The Storytelling Technique That's Taking Over TV

The Storytelling Technique That's Taking Over TV

The box-set revolution of the last fifteen years has pressed huge demands of screenwriters to flesh out narratives into 10-20 hours of television. Over the last few years, there has been a go-to technique that has helped writers add meat to the bones of complex narratives, whilst filling up the content needed to air modern TV shows. We’re talking about the flashback.This is not a new technique, cinema has been using flashbacks for generations with Ferdinand Zecca in “Histoide d'un Crime” being the first recognized use in 1910. Notable uses of flashbacks in the history of cinema include Citizen Kane, Casablanca, and The Usual Suspects.

We’ve also been used to observing flashbacks in serial dramas, with the character exploration in Lost being one of the most prominent uses of the technique in modern times. Character’s decision making in the main narrative are explained through the use of flashbacks (or flash forwards…or sideways). This particular use is also prominent in the excellent Orange is the New Black.

The glorious writing of Vince Gilligan and his team have used flashbacks with great effect in Breaking Bad, and with more prominence throughout the three seasons of Better Call Saul, but it’s the writers in the thriller genre that have graced our Netflix nights with some of the most creative use of flashbacks of recent times. I’m looking at you Stranger Things and Big Little Lies.

Both of these shows strengths are in their ability to drip feed their respective stories in a non-linear narrative. Flashbacks stop becoming disjointed character building exercises, or revelatory methods, but rather an integrated sequence set in a different moment in time that keeps us coming back for more. Stranger Things and Big Little Lies are only one season in so far, so naturally the writing feels fresh compared to the 121 episodes log of Lost, yet the writers use their flashbacks without a fixed structure so they never feel like airtime filler.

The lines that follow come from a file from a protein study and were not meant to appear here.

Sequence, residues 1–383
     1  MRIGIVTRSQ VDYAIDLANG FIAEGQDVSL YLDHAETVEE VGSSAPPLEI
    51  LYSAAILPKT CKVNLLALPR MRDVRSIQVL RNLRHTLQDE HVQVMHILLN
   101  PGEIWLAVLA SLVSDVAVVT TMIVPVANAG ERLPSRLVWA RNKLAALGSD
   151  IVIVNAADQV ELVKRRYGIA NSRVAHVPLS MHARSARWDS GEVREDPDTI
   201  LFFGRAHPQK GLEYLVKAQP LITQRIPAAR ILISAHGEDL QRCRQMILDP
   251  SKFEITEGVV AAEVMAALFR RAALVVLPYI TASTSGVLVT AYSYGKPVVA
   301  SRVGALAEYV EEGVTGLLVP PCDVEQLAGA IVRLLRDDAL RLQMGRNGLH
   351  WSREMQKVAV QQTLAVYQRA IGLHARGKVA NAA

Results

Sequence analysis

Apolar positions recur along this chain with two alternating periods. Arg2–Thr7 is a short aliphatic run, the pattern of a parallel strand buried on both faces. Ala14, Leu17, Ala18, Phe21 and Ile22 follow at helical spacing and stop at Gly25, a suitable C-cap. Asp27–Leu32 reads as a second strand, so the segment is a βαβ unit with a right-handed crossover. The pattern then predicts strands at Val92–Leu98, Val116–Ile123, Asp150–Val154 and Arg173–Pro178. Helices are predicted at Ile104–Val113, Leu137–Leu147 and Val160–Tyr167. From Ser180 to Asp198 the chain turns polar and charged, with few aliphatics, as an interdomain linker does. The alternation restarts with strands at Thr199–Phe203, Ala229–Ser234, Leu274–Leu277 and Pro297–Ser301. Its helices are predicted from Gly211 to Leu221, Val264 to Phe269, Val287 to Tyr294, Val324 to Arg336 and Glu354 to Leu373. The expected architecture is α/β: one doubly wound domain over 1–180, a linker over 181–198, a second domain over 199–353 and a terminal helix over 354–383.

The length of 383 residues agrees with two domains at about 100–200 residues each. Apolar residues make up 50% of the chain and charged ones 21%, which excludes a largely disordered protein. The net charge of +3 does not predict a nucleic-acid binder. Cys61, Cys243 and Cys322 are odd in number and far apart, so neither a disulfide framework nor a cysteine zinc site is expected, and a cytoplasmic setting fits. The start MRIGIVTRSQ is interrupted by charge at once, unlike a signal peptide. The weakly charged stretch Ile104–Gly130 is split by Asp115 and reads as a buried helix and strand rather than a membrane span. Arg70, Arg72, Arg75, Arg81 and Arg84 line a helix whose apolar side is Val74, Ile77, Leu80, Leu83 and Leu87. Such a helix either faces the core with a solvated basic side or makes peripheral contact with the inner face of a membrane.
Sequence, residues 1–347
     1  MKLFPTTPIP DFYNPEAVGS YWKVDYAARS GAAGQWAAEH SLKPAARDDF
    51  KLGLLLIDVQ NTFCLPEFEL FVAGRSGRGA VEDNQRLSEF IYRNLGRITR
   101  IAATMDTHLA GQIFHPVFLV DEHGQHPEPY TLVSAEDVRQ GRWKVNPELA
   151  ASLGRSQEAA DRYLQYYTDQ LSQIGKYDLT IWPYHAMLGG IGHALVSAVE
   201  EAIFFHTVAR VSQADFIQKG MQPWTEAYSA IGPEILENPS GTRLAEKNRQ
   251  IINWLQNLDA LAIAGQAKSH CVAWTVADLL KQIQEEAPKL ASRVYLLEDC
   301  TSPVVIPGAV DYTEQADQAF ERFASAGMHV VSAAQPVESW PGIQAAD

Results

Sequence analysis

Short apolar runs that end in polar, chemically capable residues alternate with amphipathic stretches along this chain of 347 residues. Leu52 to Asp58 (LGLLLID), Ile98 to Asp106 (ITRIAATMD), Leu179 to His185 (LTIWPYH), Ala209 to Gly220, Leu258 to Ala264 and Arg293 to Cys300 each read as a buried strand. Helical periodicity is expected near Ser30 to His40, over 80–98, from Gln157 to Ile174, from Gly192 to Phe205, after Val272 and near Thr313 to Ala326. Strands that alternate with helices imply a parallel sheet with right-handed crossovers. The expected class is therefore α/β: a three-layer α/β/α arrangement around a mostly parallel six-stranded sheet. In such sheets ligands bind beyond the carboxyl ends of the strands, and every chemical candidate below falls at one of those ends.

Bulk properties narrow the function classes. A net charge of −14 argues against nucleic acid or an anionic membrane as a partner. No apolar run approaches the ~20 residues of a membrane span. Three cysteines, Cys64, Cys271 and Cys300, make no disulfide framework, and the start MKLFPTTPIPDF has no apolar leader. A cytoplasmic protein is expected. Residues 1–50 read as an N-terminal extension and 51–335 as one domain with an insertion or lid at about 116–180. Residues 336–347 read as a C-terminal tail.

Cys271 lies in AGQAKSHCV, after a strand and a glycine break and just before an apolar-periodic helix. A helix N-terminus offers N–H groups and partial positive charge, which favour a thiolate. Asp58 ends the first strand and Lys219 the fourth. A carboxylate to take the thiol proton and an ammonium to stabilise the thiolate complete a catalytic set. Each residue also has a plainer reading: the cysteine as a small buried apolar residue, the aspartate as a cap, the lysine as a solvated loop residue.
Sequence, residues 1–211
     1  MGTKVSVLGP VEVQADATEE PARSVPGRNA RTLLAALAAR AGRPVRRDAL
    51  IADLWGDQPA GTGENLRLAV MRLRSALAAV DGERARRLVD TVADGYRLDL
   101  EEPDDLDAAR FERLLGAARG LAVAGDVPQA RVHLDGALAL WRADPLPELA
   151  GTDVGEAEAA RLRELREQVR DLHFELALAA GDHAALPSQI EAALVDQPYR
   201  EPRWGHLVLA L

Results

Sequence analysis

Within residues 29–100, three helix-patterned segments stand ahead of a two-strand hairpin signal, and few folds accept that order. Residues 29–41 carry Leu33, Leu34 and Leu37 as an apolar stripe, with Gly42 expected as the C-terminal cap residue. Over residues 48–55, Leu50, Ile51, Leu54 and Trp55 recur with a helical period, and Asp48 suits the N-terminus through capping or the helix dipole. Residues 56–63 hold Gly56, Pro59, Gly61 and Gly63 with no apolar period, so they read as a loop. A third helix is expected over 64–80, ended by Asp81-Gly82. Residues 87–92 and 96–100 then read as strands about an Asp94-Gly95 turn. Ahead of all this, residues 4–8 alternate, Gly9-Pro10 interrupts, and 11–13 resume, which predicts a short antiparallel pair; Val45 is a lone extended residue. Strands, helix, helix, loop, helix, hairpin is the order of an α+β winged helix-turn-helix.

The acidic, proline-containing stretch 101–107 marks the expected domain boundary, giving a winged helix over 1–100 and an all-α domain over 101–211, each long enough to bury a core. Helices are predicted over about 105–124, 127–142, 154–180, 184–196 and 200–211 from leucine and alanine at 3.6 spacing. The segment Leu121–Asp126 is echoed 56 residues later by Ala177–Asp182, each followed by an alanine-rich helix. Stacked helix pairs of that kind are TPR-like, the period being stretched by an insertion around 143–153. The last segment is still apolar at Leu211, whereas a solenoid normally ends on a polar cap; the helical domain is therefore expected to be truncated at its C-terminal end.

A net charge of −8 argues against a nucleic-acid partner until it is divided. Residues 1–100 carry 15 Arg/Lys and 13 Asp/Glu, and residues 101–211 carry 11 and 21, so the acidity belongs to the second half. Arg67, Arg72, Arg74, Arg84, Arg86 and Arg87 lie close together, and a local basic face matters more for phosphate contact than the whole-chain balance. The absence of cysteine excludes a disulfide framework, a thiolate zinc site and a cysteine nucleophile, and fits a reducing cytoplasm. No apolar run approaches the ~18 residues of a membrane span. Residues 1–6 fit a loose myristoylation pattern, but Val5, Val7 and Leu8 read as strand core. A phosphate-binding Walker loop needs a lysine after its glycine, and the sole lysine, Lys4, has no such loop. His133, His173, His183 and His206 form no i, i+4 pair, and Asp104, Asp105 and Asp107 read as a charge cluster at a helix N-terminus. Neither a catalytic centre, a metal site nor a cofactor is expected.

This is not to say this is the only way to structure a successful long running TV show. Game of Thrones seldom leaves it’s linear timeline, and the first two seasons of The Killing proved that a who-done-it serial drama can wait till the very last episode without a whiff of a flashback.

Alex Hern of The Guardian recently commentated that Netflix’s biggest rivalry is the human body’s urge to sleep. The reason for this is that we are in an age of increasingly brilliant, prolific, and creative writing in television. Flashbacks have been a key component in any writers artillery, but the last few years has thrown up some masterful uses of the technique that will inspire the next generation of writers. Why don’t you try to use this technique in your next short film?

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David Love's picture

It can also be the worst technique if done as bad as Lost and some of the others. Viewers get fatigued with constant stalling like a waiter that keeps bringing you appetizers because the meal is taking forever. I think some shows have a great synopsis for a show and do an amazing pilot and then the studio wants to expand it extra years, leaving them writing filler until the time comes when they can get back to the original point.

Talking is another thing that stalls. Just watch Walking Dead to see them stall with that one. Break Bad wins at this with their flash forward intros that had you intrigued into what the hell just happened. I admire Game of Thrones for announcing an end instead of just milking it to death.

I would love to have a family moment filter on tv shows. Click a button and it skips all family arguments and touchy scenes in The Sopranos, Breaking bad, walking dead, etc. Or a sad piano filter that skips every time the arrow or a CW show stops the action for a long sad monologue (basically every 10 minutes.)

Ethan Chin's picture

What about the "technique" where the cast just stand around and talk, and provide exposition a lá "The Flash" (by the CW)?

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